Although on the staff of the former ‘socialist’ president François Mitterrand at the beginning of the 1990s, and in Lionel Jospin’s government, Royal does not appear as an ‘elephant’ – part of the old PS leadership group who have huge weight and influence. She has a regional base, always necessary in the PS, but does not appear as a national leader, and has a kind of non-bureaucratic aura. The two other candidates, Laurent Fabius and Dominique Strauss-Kahn, were ministers rooted in the 1980s.
Royal also has the advantage of being a woman who appears, from one side, very modern and, from the other, very traditional. She is not married, has four children, and her partner is PS national secretary, François Hollande. She appears very independent from him. At the same time, she always praises ‘family values’.
In the ranks of the PS, 81% of the votes went to Royal and Strauss-Kahn, both with neo-liberal positions. That shows the transformation of the PS internally. Although Fabius raised demands which were a bit more on the left (such as an immediate raise of €100 on the minimum wage), he is responsible for many of the neo-liberal policies of the past.
Up to now, the huge polarisation because of Sarkozy is pushing two types of electors towards Royal. Most have an approach of the ‘lesser evil’, thinking that attacks will be smoother under Royal than Sarkozy. Certainly, the tactic of the PS will be to put forward a few social measures to lighten some aspects of the capitalist offensive. For example, it says it will create 500,000 jobs for young people. Paid on the minimum wage, on private sector-type contracts lasting up to five years, these contracts appear less casual than the CPE. Of course, in the final analysis they are not: they would replace public-sector contracts, and would be renewed each year, meaning they could be cancelled. It is less brutal than Sarkozy. Nevertheless, it is this kind of policy – along with more vicious attacks, such as the Aubry law that officially reduced work to a 35-hour week but froze wages and introduced huge ‘flexibility’ – which led to the defeat of Jospin in 2002.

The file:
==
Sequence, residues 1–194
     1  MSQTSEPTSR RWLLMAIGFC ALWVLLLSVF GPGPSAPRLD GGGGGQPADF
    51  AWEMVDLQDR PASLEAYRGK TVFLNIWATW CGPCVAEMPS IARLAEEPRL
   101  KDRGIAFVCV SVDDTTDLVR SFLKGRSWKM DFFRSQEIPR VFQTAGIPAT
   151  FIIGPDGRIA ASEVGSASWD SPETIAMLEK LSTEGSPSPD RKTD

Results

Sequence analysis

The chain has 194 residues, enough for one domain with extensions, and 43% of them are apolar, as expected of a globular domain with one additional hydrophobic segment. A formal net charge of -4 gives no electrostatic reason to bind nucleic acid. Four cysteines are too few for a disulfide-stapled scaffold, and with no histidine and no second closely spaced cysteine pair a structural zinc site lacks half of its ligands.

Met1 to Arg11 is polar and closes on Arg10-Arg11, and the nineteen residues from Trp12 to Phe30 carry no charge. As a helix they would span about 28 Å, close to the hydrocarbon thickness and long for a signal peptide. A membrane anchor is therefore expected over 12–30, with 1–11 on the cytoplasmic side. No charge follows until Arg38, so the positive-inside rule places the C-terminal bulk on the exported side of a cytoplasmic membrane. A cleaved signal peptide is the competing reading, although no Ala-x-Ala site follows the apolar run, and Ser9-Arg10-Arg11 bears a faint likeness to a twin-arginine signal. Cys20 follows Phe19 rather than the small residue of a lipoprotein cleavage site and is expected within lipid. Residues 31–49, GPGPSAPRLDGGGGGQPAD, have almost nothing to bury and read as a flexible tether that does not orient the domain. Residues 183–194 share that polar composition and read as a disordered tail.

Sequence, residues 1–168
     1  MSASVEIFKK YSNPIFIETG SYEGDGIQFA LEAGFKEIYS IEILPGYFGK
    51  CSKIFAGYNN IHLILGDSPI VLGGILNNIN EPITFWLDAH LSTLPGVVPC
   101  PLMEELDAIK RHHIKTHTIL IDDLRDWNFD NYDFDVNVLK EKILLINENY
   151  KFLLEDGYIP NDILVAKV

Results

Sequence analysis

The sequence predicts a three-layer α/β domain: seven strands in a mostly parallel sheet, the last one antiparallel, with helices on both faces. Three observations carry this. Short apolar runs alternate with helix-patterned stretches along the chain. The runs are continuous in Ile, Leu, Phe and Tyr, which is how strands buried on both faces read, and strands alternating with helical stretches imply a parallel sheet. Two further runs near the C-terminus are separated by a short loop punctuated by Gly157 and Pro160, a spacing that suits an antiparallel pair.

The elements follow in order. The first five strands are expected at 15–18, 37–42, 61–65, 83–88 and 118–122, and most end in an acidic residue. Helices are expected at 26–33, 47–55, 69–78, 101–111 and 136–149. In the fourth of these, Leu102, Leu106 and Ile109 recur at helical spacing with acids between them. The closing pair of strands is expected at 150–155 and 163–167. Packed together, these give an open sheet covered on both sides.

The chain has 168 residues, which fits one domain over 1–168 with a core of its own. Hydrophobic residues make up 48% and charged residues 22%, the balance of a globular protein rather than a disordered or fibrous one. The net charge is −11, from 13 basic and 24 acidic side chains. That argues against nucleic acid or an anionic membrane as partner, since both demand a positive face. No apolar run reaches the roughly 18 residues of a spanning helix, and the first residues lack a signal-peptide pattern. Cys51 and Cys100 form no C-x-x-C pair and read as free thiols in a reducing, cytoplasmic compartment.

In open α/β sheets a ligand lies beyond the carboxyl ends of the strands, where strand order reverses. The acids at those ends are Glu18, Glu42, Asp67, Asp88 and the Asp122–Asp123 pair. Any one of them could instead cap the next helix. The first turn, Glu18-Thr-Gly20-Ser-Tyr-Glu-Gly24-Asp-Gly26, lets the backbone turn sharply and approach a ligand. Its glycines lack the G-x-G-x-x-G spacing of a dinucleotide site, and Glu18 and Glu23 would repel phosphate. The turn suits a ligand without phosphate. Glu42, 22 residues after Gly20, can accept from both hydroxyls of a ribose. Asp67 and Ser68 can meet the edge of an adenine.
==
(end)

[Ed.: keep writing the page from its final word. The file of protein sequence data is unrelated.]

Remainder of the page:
Workers and youth will cast a kind of tactical vote. The idea will be to avoid a Sarkozy victory without giving support to Royal. Such a situation has arisen mainly because of the absence of a candidate who could represent workers, young people and those fighting against neo-liberal policies.
Lutte Ouvrière (LO) and the Ligue Communiste Révolutionnaire (LCR) have been in a favourable position many times over recent years. But the strong disagreements between the two have made it impossible for them to take any meaningful joint initiatives. Both are presented and seen as revolutionary organisations, but LO and the LCR have refused to really challenge the union leaderships and create a new political formation in which a layer of the working class and youth could develop an independent political base.